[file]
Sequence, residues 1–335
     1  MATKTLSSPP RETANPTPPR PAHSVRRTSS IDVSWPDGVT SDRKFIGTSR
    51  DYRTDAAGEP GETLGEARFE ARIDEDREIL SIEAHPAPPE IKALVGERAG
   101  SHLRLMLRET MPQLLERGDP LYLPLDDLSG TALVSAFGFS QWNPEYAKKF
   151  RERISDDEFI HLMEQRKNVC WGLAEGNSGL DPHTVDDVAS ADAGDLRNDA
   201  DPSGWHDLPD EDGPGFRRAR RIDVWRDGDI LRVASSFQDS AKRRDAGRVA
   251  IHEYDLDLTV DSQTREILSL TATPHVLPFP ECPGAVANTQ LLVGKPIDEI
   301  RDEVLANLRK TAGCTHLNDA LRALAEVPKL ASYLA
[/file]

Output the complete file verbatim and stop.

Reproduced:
Sequence, residues 1–335
     1  MATKTLSSPP RETANPTPPR PAHSVRRTSS IDVSWPDGVT SDRKFIGTSR
    51  DYRTDAAGEP GETLGEARFE ARIDEDREIL SIEAHPAPPE IKALVGERAG
   101  SHLRLMLRET MPQLLERGDP LYLPLDDLSG TALVSAFGFS QWNPEYAKKF
   151  RERISDDEFI HLMEQRKNVC WGLAEGNSGL DPHTVDDVAS ADAGDLRNDA
   201  DPSGWHDLPD EDGPGFRRAR RIDVWRDGDI LRVASSFQDS AKRRDAGRVA
   251  IHEYDLDLTV DSQTREILSL TATPHVLPFP ECPGAVANTQ LLVGKPIDEI
   301  RDEVLANLRK TAGCTHLNDA LRALAEVPKL ASYLA